Last Wednesday, Hanyang University took us on a one-day tour of Seoul. It wasn’t very in depth, and in my opinion you’d be better off with a bit of free travel, but it did get the last few things I hadn’t done out of the way.
The itinerary for the day was to meet at the school for 9:40 a.m., and take a tour bus around the northern part of downtown Seoul. We’d stop at the Gyeongbokgung first, have lunch, visit Gwanghwamun Square, travel to the Namsamgol Traditional Folk Village, and then had to the Seoul N-Tower before heading back to the university. It was a very tiring tour, lasting about 10 hours. Thank goodness lunch was included!
We started off with about 200 people massively confused as to which tour bus we each belonged on, resulting in the tour starting later than it should have. When we finally organized ourselves, we drove off to Gyeongbokgung, on the northeastern side of downtown Seoul. It’s not far from Deoksugung, which I had previously visited. Unfortunately, due to our late start and a massive amount of slow walkers, we were only able to spend about 40 minutes on the palace grounds. At least we made it in time for the “Changing of the Royal Guards” ceremony. The guards wear traditional uniforms from the Joseon era, as well as carrying historic weapons. A steady rhythm is kept through the beat of elaborately painted drums.
The palace grounds are vast, and were far too much to cover in such a short time span. We did manage to take photos in giant wooden cut-outs to see how we’d all look in traditional dress, as well as take a peek into a few of the buildings and pavilions.
Gyeongbokgung also includes the National Folk Museum, where we were allotted another half hour to explore. The museum is small but high-tech, with interactive displays where you can press different blocks onto a pad and a projector will display correlating images and videos onto the table. Bad description, I know, but it was cool. The museum wasn’t particularly English friendly, but most of the displays and English titles made everything pretty obvious. The traditional furniture was absolutely gorgeous! Unfortunately, no pictures were allowed inside the museum at all.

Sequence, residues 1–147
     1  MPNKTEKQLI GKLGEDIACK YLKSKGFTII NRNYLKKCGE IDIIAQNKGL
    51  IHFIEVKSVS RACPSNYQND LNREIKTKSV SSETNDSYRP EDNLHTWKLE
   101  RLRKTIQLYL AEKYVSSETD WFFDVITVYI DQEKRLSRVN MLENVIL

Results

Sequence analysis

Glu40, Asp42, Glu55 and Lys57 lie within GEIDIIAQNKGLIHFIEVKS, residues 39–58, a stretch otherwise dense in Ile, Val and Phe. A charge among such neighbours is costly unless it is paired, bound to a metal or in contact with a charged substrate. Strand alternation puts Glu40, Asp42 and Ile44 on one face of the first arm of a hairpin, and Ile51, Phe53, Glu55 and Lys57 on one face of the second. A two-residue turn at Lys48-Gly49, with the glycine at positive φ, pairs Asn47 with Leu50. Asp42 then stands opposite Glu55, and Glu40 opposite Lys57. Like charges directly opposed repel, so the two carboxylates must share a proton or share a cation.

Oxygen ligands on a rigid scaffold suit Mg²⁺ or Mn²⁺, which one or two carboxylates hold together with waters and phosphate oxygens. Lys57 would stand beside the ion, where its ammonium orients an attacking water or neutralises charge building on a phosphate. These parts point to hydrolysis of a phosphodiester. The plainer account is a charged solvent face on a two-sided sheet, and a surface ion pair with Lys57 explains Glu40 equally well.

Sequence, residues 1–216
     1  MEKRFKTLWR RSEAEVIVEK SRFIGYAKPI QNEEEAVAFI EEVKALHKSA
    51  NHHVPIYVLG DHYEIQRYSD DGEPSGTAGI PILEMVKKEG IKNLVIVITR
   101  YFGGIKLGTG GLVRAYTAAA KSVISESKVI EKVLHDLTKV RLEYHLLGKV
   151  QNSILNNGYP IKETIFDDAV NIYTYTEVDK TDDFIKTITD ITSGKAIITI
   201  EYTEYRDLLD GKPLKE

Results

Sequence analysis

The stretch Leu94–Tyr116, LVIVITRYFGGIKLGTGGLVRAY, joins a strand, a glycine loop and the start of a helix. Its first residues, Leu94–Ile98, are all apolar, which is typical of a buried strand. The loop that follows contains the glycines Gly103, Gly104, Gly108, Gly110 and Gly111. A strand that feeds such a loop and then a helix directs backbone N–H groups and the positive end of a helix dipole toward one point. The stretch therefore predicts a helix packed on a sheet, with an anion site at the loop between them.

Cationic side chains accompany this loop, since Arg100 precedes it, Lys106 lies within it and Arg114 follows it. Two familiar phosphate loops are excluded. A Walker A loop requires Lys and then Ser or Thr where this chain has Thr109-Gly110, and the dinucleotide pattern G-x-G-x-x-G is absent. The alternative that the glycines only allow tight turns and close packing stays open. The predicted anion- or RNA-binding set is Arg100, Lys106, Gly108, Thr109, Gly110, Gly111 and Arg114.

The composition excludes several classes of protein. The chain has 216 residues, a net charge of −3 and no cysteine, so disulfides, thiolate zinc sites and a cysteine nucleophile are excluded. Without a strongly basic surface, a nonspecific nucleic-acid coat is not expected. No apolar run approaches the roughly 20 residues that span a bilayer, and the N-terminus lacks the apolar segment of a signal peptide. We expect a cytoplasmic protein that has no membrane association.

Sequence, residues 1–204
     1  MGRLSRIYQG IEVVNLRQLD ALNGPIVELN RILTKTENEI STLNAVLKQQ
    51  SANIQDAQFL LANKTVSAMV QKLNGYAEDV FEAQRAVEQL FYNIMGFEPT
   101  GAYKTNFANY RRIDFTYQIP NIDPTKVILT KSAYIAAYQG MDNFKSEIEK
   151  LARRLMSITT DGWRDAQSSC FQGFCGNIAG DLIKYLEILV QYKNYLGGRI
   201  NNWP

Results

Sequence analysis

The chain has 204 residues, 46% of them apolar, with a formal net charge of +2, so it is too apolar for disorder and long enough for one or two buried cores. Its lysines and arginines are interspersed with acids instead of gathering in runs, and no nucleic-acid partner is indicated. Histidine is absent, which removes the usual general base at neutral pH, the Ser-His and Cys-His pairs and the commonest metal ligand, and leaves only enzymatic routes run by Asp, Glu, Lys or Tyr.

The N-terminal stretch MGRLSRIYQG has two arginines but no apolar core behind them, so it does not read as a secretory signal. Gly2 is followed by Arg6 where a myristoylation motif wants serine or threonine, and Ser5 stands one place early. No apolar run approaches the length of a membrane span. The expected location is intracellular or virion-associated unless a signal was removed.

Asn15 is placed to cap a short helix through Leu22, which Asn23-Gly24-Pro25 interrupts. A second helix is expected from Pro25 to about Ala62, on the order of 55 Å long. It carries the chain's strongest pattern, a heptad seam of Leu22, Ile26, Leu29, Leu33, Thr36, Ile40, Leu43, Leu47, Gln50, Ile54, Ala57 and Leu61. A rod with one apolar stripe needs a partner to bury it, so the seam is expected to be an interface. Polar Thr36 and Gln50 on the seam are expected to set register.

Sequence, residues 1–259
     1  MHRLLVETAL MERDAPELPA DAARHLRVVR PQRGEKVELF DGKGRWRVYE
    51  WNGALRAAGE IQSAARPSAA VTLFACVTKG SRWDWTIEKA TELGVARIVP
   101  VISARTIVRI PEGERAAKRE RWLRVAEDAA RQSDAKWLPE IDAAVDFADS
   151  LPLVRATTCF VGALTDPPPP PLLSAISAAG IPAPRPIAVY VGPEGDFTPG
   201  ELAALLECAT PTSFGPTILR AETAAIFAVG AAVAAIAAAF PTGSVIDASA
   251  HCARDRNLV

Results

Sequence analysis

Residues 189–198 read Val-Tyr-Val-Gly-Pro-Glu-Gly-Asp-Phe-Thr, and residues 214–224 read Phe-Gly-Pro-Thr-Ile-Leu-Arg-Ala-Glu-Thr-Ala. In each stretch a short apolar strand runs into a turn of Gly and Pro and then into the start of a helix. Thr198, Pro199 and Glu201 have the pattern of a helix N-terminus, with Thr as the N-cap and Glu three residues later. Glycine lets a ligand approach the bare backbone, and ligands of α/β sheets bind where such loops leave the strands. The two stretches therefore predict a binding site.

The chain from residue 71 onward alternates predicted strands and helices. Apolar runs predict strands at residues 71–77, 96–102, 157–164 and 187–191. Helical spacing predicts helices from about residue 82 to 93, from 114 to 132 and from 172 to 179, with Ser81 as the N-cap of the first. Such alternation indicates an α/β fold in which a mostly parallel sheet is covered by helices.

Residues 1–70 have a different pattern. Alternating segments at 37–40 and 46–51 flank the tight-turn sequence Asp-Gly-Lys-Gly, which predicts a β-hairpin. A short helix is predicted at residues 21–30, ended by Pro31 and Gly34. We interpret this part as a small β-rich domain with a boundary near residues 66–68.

Our next stop was lunch. I don’t know what restaurant we went to, but lunch was “sangyetang,” or chicken and ginseng soup. Supposedly, it’s a summer favourite, as it’s fairly light and the ginseng provides energy. Personally, I think Seoul is usually too hot to be eating soup.
The soup was relatively bland actually, and tasted mostly like chicken broth. The chicken was stuffed with sticky rice, a dried date, and the ginseng. Every bowl comes with a whole chicken (I think technically, it was a Cornish hen), along with multiple side dishes. Although it was bland, I wouldn’t mind having it if I were sick or in the middle of winter.
From the restaurant, we hopped back on our buses to Gwanghwamun Square to take a look at a small museum about King Sejong, who created the hangul alphabet, and Admiral Yi Sun Si, who never lost a battle. Both were English friendly and had some interesting displays. There was even a 4D movie about one of Yi Sun Si’s battles against the Japanese. The graphics and effects were pretty humorous.
The traditional village was next, located at the base of Namsam Mountain (on the other side of the hostel I was staying at, closer to Myeongdong and Changmuro). Again, due to being behind schedule, I felt like we weren’t given enough time to properly explore everything. There were multiple performances to watch, as well as the traditional housing, known as hanok. I may need to go back on one of our free weekends, as I barely got to look at the hanok. The performances were very interesting though, with multiple traditional dances and taekwondo performances. The taekwondo practitioners sure can jump high…
Our last stop was the Seoul N-Tower. I think we had nearly an hour-and-a-half to spend here, and I don’t know why. It definitely didn’t need more than an hour to explore the tower, gift store, and surrounding area. I would have preferred more time at the palace. Ah well.
By the time we got back to Hanyang, it was about 7:30 p.m., about an hour later than expected. At least lunch was so big I didn’t need to worry about dinner and I was just able to collapse and sleep.